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OSLO, Aug 28 (Reuters) - Norway's $1 trillion sovereign wealth fund, the world's largest, should have more freedom to invest in unlisted equities, its manager said on Wednesday, a proposal that could help the fund better capture the growth of U.S. tech firms.
The world's largest sovereign wealth fund, which pools Norway's revenues from oil and gas production in stocks, bonds and real estate abroad, is currently only allowed to invest in unlisted equities if a listing is imminent.
The fund's management has complained in the past about being unable to invest in companies early on in their growth, particularly U.S. tech firms, as companies have tended to seek a listing late on in their growth process.
"The (central) Bank is of the opinion that the wording of the current regulation that the board must have expressed 'an intention' to seek a listing should be amended," the central bank said in a letter to the finance ministry published on its website on Wednesday.
"To date, we have interpreted this mandate regulation as requiring a concrete board resolution to apply for listing in the near future.
"Our experience is that such resolutions are passed relatively late in the process, and that a number of transactions that might have been relevant to the fund have not therefore been pursued," it said.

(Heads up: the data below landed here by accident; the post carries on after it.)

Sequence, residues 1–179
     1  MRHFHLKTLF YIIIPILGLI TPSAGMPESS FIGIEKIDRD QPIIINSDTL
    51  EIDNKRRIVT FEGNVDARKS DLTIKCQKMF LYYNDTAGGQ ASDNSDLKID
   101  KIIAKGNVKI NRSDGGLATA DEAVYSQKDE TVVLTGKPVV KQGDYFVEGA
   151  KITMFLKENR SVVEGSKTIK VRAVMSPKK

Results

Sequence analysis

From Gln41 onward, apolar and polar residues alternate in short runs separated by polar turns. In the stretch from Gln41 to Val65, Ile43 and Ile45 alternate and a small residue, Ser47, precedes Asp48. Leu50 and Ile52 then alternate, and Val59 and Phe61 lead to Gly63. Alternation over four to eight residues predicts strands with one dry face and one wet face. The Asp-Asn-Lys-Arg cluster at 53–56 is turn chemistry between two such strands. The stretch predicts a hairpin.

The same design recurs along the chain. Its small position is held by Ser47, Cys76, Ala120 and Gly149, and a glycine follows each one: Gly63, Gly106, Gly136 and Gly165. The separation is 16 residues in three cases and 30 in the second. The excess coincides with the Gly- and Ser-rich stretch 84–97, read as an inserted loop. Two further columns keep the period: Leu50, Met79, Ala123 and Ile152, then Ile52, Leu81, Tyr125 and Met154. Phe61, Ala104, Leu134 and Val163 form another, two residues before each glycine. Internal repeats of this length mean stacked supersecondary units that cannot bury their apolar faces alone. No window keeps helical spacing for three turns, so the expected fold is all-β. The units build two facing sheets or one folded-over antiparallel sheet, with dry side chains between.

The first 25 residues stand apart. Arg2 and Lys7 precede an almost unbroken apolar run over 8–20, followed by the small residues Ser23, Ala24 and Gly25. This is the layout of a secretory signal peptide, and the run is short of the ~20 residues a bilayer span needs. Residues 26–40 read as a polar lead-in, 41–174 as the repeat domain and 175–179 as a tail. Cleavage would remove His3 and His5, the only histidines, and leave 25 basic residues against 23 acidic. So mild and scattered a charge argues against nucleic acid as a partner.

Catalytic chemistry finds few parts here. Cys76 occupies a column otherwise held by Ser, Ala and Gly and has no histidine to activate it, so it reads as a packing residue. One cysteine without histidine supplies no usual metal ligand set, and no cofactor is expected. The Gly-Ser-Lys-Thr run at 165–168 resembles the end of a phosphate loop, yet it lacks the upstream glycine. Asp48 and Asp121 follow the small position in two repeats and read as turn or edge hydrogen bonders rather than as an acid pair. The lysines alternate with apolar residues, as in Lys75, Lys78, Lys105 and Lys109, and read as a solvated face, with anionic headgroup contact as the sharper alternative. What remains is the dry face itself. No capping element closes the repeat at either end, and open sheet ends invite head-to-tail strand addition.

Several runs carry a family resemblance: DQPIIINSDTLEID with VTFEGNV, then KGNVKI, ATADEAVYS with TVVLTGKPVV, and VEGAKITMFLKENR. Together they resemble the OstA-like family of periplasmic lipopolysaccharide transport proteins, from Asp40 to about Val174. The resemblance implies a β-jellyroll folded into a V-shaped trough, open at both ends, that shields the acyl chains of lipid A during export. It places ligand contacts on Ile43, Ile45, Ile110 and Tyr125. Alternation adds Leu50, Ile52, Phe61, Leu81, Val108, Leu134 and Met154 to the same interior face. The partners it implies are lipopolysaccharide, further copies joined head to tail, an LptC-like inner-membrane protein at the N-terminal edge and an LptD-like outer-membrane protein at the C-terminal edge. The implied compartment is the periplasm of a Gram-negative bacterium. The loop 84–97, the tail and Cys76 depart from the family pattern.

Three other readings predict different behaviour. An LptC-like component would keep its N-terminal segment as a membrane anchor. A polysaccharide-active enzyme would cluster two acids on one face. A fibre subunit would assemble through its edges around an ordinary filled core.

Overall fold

The letter suggested an alternative could be to allow the fund to be invested in unlisted shares in large companies that are not yet listed, and that a limit of 1 percent of the equity portfolio could be dedicated to them.
This would have corresponded to 63.5 billion crowns ($7.1 billion) at the end of the second quarter, according to a Reuters calculation.
The fund is invested in close to 9,200 companies worldwide, holding on average 1.4% of all the world's listed shares.
It also held some $280 billion in fixed income globally at the end of the second quarter while in real estate, it is a co-owner of London's Regent Street and of properties on the Champs-Elysees in Paris, among others.
Investing in unlisted equities has been a vexed issue for the fund. In 2014 it joined U.S. investors BlackRock and Waddell & Reed to buy a $1.6 billion stake in motor racing's Formula One as an IPO was planned.
After the investment was made, Formula One cancelled plans for the IPO, putting the fund in contravention of its own mandate. The fund came under political and media criticism for the investment and the fund's CEO acknowledged mistakes had been made. (Reporting by Gwladys Fouche, editing by Terje Solsvik and Jon Boyle)